Mr Justice Sales confirmed today (18 June) the Public and Commercial Services union was right to challenge the way the terms of the civil service compensation scheme, which governs redundancy payments, were slashed.

The decision quashes an amendment to the scheme that the previous government had claimed was effective from 1 April, and requires the new government to enter into negotiations with PCS if it wants to change the scheme in future.

While the judge quashed the detrimental changes to the scheme, he retained elements - relating to protection against age discrimination - that provide improvements. The union says this shows it was not opposed to change on principle, but that any alterations had to be fair and agreed.

The union’s challenge, by way of a judicial review, was heard over two days in April and the judge ruled on 10 May that the previous government had acted unlawfully. Both sides were then given a few weeks to reach an agreement on the terms of an order to quash the amendment, but failed to do so, and the case went back to court for a final hearing on 9 June.

The union always maintained the changes to the compensation scheme would have made it easier and cheaper to cut tens of thousands of civil service jobs and privatise more of our public services.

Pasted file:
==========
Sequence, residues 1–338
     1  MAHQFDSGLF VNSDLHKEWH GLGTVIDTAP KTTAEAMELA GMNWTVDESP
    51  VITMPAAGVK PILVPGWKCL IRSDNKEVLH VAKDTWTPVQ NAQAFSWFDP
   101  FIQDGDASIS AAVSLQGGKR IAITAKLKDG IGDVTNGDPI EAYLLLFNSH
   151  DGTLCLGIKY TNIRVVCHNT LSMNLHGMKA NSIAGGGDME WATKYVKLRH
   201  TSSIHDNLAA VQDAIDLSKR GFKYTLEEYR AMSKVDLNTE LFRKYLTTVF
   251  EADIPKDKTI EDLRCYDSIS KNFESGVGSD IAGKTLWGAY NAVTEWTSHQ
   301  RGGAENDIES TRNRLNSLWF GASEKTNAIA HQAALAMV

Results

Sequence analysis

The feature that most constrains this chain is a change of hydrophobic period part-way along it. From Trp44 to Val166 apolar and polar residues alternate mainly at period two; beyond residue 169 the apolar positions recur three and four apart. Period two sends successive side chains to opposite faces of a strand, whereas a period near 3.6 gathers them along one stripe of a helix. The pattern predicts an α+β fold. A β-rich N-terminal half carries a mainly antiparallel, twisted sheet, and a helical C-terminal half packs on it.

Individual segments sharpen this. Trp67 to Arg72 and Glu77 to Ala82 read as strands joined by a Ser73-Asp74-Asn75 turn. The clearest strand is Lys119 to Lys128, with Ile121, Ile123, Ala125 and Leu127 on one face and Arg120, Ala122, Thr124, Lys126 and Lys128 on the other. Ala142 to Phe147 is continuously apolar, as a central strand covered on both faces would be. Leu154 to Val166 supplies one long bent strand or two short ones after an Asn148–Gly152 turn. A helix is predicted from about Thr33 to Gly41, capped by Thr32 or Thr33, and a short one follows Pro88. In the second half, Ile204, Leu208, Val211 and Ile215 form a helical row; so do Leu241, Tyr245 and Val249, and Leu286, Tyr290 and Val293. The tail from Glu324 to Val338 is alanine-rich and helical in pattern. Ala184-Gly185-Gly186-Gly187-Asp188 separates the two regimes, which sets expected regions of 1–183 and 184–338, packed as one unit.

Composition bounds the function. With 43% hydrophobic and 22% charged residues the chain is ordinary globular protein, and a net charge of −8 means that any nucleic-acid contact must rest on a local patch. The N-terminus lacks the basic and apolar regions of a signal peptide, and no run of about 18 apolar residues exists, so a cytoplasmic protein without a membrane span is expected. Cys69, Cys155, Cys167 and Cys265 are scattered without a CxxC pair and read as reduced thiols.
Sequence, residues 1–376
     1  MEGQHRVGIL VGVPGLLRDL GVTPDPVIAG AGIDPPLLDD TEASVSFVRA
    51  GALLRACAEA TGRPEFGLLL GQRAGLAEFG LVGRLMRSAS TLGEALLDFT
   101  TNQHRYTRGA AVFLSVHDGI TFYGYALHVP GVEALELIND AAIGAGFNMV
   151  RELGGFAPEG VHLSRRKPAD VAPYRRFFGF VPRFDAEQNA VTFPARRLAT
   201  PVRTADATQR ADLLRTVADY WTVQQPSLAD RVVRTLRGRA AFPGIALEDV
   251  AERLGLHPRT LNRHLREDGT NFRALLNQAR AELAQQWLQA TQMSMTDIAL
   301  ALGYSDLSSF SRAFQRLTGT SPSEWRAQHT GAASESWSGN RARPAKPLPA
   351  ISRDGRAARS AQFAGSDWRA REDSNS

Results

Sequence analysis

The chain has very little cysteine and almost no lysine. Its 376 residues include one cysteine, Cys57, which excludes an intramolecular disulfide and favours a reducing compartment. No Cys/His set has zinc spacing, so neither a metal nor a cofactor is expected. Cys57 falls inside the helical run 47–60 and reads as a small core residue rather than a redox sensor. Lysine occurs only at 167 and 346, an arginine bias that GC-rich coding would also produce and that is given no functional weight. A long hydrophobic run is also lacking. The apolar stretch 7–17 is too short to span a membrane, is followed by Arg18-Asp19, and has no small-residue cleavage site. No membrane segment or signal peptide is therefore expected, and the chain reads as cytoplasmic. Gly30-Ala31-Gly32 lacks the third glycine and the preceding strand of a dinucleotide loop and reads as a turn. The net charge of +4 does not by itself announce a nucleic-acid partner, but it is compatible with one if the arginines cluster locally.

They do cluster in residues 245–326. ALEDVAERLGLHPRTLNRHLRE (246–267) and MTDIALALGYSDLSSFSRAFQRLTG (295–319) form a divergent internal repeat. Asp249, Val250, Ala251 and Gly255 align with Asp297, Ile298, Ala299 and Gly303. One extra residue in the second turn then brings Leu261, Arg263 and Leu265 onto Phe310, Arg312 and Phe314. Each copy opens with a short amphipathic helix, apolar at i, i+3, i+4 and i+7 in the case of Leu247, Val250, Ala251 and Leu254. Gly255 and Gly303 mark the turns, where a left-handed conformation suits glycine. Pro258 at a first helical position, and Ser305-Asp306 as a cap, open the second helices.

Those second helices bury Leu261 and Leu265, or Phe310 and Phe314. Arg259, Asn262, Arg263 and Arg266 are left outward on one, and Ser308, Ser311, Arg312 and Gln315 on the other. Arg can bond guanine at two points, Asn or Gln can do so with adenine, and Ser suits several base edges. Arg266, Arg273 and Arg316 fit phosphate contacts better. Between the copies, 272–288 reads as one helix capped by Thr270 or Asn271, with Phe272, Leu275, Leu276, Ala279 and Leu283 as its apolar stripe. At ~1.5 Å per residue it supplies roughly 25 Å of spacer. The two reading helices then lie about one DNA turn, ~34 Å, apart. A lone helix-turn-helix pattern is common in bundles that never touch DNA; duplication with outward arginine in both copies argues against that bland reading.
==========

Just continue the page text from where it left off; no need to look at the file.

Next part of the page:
PCS deputy general secretary Hugh Lanning said: “We are delighted with the ruling that proves our members were right to oppose the cuts that the previous government tried to force through.

“It’s rare for a High Court judge to side with a trade union, so we believe this vindicates our stance and our assertion all along that this was a grossly unfair attempt by the government to rip up the rights of its own workforce.

“The new government now has a golden opportunity to show it is truly committed to consultation and negotiation, by getting round the table with us to agree a new scheme that is fair and protects the rights of civil and public servants.”

Richard Arthur, head of trade union law at Thompsons Solicitors, who acted for PCS, said: “The ruling confirms that a government cannot simply change redundancy rights which have already accrued for civil servants without agreement by the unions.

“With the exception of some favourable age-related changes, all the benefits in the new scheme are quashed and all the benefits in the old one are protected. The new scheme that was imposed on civil servants was simply unlawful.”

The ruling comes days before the coalition government is expected to announce further cuts in public spending in its emergency budget next Tuesday (22 June).

PCS will hold events across the country on Tuesday, including outside the Treasury in Parliament Street in London between 12pm and 1pm, and will launch its Tax Justice and Jobs report that details how more than £120 billion is estimated to be lost to the economy every year through tax being evaded, avoided and uncollected.